May 14, 2020
Germany’s borders are beginning to open…slowly.
After having closed its borders to all non-essential traffic in mid-March, Germany announced recently that unrestricted travel to and from Luxembourg will be allowed starting Saturday, May 16.
The country is taking a phased approach, however, to opening frontiers with its neighbors, with the goal of having full movement within Europe by June 15.
Borders with France, Austria and Switzerland: what to know
Beginning Saturday, travel to and from France, Austria and Switzerland will be allowed under a modified approach. For travelers, this means the following:
- Random inspections will be carried out, instead of regular ones.
- Trips to see family or for business purposes will be allowed. This does not mean vacation travel is encouraged, however.
- Currently, the plan is to open borders fully with France, Austria and Switzerland on June 15.
Other neighboring countries: a mixed bag
- Borders with Belgium and the Netherlands are already operating in a partially-opened fashion, with spot checks being carried out by state governments on either side of the border. No clear guidance is available yet on what the near future holds, and non-essential travel is discouraged.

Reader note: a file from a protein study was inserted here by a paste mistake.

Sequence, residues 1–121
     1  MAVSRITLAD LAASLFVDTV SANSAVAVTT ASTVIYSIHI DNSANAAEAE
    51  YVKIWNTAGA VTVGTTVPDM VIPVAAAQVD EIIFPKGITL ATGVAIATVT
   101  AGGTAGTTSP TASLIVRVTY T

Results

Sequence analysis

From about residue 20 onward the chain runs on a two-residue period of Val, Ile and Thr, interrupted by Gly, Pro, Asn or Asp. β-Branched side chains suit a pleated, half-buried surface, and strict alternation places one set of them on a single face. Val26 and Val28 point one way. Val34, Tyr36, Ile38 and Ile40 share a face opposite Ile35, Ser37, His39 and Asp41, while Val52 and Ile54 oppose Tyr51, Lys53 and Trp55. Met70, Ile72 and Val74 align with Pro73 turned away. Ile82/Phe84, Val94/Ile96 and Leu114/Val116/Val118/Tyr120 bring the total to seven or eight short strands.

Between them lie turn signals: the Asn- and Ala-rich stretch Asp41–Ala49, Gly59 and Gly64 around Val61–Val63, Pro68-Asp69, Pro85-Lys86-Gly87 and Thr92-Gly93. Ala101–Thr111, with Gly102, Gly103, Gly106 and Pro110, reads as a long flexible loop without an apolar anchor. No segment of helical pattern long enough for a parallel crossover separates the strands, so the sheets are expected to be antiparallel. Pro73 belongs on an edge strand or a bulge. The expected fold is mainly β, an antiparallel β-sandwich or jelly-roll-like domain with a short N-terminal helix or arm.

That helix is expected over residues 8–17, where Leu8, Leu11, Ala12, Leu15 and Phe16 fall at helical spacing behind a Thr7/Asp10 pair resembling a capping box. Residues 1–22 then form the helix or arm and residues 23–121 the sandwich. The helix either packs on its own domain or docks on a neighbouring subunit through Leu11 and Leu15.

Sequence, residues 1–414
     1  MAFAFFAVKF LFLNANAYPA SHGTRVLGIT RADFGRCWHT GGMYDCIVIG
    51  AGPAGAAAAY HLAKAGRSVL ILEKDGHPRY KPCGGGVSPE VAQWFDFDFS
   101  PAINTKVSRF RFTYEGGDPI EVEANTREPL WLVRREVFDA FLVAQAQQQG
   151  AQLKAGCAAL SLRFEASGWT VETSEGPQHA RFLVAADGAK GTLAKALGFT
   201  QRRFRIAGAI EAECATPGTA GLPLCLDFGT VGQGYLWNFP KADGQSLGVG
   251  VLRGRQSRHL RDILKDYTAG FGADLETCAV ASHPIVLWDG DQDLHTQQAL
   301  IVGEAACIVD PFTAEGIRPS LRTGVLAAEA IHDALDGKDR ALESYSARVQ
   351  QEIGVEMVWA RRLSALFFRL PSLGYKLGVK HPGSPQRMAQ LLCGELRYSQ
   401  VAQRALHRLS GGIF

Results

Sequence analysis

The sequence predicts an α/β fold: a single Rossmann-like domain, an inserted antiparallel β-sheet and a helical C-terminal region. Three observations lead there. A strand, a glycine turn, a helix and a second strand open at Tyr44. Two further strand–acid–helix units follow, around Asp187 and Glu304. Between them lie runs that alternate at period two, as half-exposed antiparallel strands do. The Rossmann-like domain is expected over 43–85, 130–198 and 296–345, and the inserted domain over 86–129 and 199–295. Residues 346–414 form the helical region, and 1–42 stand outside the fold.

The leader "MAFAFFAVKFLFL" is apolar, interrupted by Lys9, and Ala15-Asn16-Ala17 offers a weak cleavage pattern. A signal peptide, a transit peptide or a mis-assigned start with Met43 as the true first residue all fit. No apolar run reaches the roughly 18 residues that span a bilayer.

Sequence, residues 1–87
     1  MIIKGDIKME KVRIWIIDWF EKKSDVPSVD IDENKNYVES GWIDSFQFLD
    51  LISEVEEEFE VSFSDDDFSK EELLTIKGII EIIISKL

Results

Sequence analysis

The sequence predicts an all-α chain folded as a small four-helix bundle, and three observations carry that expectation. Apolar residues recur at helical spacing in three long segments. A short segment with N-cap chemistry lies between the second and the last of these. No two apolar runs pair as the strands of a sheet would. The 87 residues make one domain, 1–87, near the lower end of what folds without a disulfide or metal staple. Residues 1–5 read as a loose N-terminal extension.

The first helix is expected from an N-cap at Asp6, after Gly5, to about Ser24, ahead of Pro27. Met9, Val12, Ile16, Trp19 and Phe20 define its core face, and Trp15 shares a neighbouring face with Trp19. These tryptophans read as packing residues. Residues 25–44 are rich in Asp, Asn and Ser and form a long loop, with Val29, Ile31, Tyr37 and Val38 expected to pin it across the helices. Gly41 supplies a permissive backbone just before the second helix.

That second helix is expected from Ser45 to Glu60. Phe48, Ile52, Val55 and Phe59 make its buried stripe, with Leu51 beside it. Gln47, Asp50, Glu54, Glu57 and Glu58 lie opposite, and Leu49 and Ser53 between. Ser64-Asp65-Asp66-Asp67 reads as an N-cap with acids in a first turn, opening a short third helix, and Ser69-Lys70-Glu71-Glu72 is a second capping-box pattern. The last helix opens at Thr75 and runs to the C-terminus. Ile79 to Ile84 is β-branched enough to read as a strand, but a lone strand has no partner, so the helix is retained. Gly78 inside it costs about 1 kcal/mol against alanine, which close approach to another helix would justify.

- With Denmark, Poland and the Czech Republic, borders are still closed. The German government is working on negotiating openings with these countries.
Caveats for U.S. personnel in Germany
- Remember, Germany travel policies may differ markedly from U.S. government guidance.
- Before considering cross-border travel, check first with – and follow – command regulations, which may be different than host nation policies.
- Further guidance is available from Ramstein Air Base public affairs, USAG Rheinland-Pfalz, USAG Wiesbaden, USAG Stuttgart and USAG Bavaria.